Inkerviews > Tattoo Artists > Myke Chambers Interview


Inkerviews features the work of tattoo artists and collectors, as well as fine artists, in a series of interviews. With an exciting lineup already in place and endless more to come, I hope you will check back often to read about these incredible people and enjoy their visually stunning talents.

As a longtime fan of Myke Chamber’s work, I was excited to have the opportunity to feature him. His bold, daring, and meticulous designs are a source of inspiration to both myself and the tattoo community in general. And as fascinated as I am with what he accomplishes with a tattoo machine, a paintbrush, and a pencil, I think more than anything, I am inspired by the genuine person that Myke is and the ability that he has to awaken perspective in those he comes in contact with.

It’s true that life’s challenges can bring about more clarity and determination than one might ever think possible and Myke is a true example of this concept. After a rough childhood, time in prison, an addiction to drugs and alcohol, and time in rehab; Chambers not only found his calling awaiting him behind ink bottles and tattoo machines, but he valiantly overcame those harsh obstacles of the past and arose a shining star in the industry.

In addition to his dedication to carving out a new path for his life, this talented artisan emerged with a determination to help others who he sees trapped in the vicious cycle which he understands all too well. Myke donates his time speaking at prisons and juvenile rehabilitation facilities, sharing his story and sparking inspiration in those who need to know that it is possible to overcome adversity and rebuild their dreams.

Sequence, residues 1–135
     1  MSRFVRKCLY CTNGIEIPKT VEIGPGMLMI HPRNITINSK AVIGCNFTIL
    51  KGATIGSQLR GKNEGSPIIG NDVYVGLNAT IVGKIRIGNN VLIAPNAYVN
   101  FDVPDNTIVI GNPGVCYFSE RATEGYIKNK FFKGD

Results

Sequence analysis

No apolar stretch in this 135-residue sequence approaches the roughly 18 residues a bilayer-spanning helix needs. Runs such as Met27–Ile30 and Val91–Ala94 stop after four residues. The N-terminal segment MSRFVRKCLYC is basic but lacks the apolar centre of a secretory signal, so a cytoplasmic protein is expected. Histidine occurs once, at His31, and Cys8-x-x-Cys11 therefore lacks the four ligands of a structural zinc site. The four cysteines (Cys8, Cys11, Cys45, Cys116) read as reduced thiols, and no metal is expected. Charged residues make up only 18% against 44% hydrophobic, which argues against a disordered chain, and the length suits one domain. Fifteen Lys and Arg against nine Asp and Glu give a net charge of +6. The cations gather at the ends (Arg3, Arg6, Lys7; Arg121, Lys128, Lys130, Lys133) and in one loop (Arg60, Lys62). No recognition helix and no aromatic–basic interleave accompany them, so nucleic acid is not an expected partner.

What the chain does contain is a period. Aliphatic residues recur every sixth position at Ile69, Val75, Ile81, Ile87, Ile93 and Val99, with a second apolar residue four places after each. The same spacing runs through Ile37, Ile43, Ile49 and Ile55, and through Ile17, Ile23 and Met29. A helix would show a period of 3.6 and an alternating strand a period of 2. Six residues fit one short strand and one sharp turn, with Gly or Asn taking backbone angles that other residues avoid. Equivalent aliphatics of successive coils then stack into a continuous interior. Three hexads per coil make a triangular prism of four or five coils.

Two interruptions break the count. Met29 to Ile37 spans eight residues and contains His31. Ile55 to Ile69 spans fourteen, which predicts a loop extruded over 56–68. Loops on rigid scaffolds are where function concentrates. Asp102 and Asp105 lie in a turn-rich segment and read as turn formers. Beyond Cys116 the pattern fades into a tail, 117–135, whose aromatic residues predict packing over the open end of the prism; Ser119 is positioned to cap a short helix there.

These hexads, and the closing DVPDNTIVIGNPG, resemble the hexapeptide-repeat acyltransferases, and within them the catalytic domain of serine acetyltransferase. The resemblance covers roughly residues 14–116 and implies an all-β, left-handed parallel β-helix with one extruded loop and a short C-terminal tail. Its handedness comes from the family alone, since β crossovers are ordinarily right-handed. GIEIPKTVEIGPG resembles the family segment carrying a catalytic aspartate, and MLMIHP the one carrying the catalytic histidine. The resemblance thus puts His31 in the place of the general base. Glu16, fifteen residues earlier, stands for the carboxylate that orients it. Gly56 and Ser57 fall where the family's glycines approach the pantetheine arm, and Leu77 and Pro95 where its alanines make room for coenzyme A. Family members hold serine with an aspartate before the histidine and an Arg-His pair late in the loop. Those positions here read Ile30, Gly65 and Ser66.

In addition to these admirable deeds, is his brilliant ink slinging talent. When it comes to tattoo work, Chambers seriously shines. His designs are dynamic, vibrant, and clean as a whistle. He can take traditional-inspired designs and add special twists to each; making his pieces memorable and original, but always boasting that old skool charm.

A free spirit with a penchant for the nomadic lifestyle, there is a good chance you can find Myke traveling to a city near you. It’s exhausting just looking at his travel schedule for the year and he definitely works his tail off tattooing across the globe. Lucky for tattoo collectors, he (at this point) has a handful of spots still available, so don’t delay if you want to add a Chambers treasure to your skin.

It was a true pleasure to learn more about such an interesting person and is an honor to feature such a great artist. I hope you enjoy reading more about Myke and his incredible journey; one that is inspiring, full of color, passion, and bright days ahead.

Your tattoo journey (and your life’s journey in general) is so inspiring. I know that many years were tough in a way that most people can’t even comprehend, but your ability to find your way through it all and emerge such a shining star and an example to so many is incredible. For those unfamiliar, can you give us a little background on your story and how you headed out on your own at the early age of 15?

Wow, thanks Jinxi! Yeah, I've definitely lived a tough life from a very young age. Today I cherish those trials, as they've molded me into who I am and now I'm able to use those experiences to help others that might be going through trials of their own.

I've lived a crazy life. I was born in Florida and lived there until I was five, when my parents divorced.  My mom packed up the kids and moved to California. She couldn't afford to live in a nice neighborhood, so we ended up in East LA. I felt like my parents divorced because of something I did, because I was a bad kid.  So I kind of made that the role of my life, and I started playing the part...running with street gangs (well the little brothers of the gangsters anyway).